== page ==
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Rankine

The Rankine scale is a thermodynamic temperature based on an absolute scale named after the Glasgow University engineer and physicist William John Macquorn Rankine, who proposed it in 1859. (The Kelvin scale was first proposed in 1848.) The symbol for degrees Rankine is °R (or °Ra if necessary to distinguish it from the Rømer and Réaumur scales). By analogy with kelvin, some authors term the unit rankine, omitting the degree symbol. Zero on both the Kelvin and Rankine scales is absolute zero, but a temperature difference of one Rankine degree is defined as equal to one Fahrenheit degree, rather than the Celsius degree used on the Kelvin scale. A temperature of −459.67 °F is exactly equal to 0 °R.

Rankine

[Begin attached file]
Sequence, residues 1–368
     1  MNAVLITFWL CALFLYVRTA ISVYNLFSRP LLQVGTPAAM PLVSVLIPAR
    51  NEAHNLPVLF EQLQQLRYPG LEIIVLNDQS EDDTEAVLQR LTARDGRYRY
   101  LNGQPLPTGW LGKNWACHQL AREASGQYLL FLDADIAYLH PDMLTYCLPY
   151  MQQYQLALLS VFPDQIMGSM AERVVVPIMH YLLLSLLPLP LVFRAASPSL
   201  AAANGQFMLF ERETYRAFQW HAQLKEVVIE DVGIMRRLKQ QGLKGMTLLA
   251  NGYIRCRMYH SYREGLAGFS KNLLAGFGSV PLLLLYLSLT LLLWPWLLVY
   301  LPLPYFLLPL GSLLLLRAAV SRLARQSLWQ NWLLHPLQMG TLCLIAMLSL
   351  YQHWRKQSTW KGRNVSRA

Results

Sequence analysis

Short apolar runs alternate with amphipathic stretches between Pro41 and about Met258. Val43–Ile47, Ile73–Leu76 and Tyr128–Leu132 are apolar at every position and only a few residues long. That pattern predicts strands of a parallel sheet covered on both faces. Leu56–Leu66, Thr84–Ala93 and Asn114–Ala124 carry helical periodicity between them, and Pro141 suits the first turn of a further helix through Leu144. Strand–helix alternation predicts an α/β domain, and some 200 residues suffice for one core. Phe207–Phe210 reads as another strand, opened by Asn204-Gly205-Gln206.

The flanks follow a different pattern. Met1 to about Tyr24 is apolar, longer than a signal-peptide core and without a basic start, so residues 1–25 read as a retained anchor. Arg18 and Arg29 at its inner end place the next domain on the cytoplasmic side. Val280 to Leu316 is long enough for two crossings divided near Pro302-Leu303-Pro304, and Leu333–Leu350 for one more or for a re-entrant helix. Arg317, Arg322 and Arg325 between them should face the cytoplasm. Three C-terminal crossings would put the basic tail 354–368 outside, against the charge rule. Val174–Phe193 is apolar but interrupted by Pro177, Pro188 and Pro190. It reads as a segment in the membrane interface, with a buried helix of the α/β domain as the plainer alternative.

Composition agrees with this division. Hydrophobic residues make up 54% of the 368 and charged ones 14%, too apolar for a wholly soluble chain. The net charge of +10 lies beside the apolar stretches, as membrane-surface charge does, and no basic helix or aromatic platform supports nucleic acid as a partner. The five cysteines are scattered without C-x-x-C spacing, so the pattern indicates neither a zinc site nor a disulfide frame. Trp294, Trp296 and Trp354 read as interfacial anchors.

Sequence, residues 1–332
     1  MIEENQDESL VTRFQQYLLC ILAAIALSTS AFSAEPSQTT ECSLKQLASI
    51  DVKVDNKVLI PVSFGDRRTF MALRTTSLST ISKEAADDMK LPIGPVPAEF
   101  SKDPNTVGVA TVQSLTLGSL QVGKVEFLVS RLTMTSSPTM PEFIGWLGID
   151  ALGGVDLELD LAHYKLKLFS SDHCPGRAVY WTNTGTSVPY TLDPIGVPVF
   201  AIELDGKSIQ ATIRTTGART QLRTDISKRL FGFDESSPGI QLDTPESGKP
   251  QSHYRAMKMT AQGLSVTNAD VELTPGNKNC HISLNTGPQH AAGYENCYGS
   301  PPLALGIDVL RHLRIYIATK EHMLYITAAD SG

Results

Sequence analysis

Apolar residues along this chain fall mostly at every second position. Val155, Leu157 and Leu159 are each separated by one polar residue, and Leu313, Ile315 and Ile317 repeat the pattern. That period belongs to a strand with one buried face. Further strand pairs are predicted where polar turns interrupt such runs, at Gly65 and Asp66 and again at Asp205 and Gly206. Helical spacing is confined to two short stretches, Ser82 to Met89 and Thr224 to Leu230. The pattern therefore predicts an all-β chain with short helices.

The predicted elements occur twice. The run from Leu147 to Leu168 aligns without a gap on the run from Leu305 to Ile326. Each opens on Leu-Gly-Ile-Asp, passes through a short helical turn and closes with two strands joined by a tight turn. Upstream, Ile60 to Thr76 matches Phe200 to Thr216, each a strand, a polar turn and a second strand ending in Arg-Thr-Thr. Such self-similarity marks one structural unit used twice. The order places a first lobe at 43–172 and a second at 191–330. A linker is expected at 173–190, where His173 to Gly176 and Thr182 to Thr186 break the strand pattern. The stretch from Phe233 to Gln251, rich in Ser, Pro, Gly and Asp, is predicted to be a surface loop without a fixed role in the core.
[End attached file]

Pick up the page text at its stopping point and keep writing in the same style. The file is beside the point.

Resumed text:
Symbol/abbreviation: °R
Unit of: TEMPERATURE
TEMPERATURE's base unit: kelvin (SI Unit)
In relation to the base unit (kelvin), 1 Rankine = 0.555555555556 kelvin.
[Conversion table] 1 Rankine (°R) to all temperature units
1 °R= -272.594444444 celsius (°C)
1 °R= 558.891666667 delisle (°De)
1 °R= -458.67 fahrenheit (°F)
1 °R= 0.555555555556 kelvin (K)
1 °R= -89.9561666667 newton scale (°N)
1 °R= 1 rankine (°R)
1 °R= -218.075555556 reaumur (°Re)
1 °R= -135.612083333 romer (°Rø)
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